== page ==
Breaking Defense – Northrop Grumman announced today it had delivered the first “production-representative” command post for the Army’s new missile defense network, IBCS. That opens the door for test shots latter this year and the system’s crucial operational test in 2020.
The system is crucial for the Army because it is designed to work with every anti-aircraft, counter-drone and missile defense system in the future.
By the end of this year, Northrop plans to deliver 10 more truck-borne Engagement Operations Centers, i.e. command posts, for a total of 11, plus 18 Integrated Fire Control Network (IFCN) relays.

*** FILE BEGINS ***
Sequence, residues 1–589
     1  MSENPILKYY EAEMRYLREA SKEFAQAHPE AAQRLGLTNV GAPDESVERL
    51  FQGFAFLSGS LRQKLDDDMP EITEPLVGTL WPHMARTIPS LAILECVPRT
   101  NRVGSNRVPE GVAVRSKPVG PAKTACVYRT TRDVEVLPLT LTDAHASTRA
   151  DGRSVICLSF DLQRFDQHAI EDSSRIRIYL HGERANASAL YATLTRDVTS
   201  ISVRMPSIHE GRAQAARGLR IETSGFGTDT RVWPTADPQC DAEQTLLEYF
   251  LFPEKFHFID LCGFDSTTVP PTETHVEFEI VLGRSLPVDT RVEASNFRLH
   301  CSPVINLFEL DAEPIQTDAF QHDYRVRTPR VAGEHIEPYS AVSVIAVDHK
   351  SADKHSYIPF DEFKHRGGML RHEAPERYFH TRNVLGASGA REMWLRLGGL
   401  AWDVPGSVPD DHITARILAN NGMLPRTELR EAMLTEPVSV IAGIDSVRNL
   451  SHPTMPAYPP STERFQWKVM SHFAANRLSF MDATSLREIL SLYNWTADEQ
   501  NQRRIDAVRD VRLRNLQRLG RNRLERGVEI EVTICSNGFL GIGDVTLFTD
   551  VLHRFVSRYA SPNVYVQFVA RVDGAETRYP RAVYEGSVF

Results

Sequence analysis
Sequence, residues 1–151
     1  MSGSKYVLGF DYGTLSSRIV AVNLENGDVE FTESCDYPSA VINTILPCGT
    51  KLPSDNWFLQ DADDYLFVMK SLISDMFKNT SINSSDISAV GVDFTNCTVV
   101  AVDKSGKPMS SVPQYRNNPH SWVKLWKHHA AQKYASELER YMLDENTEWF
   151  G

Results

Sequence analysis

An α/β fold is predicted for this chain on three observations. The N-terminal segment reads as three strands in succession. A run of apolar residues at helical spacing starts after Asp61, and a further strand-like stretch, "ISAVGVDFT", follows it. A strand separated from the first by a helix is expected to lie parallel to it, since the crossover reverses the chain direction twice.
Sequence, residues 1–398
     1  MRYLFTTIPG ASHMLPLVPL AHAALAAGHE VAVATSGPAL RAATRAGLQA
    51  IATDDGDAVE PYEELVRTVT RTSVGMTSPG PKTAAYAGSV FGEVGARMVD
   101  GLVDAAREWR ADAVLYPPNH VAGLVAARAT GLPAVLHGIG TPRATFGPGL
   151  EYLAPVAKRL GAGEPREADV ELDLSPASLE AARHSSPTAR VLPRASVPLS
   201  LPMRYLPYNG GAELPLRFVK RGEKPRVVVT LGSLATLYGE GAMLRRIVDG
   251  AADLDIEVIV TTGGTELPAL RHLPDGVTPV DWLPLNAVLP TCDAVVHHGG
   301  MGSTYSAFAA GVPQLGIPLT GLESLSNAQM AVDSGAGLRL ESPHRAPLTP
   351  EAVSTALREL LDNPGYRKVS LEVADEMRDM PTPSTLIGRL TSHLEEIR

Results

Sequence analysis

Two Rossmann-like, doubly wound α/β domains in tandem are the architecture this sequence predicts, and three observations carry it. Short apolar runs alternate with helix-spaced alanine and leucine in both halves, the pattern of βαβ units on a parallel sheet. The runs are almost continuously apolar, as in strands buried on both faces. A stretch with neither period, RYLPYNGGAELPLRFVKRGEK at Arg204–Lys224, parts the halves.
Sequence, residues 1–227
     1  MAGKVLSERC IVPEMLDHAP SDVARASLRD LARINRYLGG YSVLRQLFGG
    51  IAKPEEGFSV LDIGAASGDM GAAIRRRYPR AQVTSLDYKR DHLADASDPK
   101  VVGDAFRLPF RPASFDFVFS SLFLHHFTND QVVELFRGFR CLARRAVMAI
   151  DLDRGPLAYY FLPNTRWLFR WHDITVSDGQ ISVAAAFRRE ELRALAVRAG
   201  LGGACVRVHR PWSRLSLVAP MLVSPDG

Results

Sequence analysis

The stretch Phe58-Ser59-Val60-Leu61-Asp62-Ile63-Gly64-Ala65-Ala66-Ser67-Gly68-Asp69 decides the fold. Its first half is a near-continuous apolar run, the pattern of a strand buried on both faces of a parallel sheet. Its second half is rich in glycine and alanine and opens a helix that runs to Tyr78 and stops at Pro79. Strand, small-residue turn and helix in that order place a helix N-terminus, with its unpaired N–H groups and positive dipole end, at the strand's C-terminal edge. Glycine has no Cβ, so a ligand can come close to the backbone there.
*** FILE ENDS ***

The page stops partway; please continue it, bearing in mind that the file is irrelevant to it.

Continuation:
If IBCS works as advertised — it definitely didn’t back in 2016, but more recent tests have shown marked improvement — it will make it possible for the Army’s disparate anti-aircraft and missile defense systems to work together as never before. That’s especially essential as the military refocuses from fighting the Taliban and the Islamic State to deterring Russia and China, with their massive arsenals of missiles, artillery rockets, attack helicopters, and strike aircraft.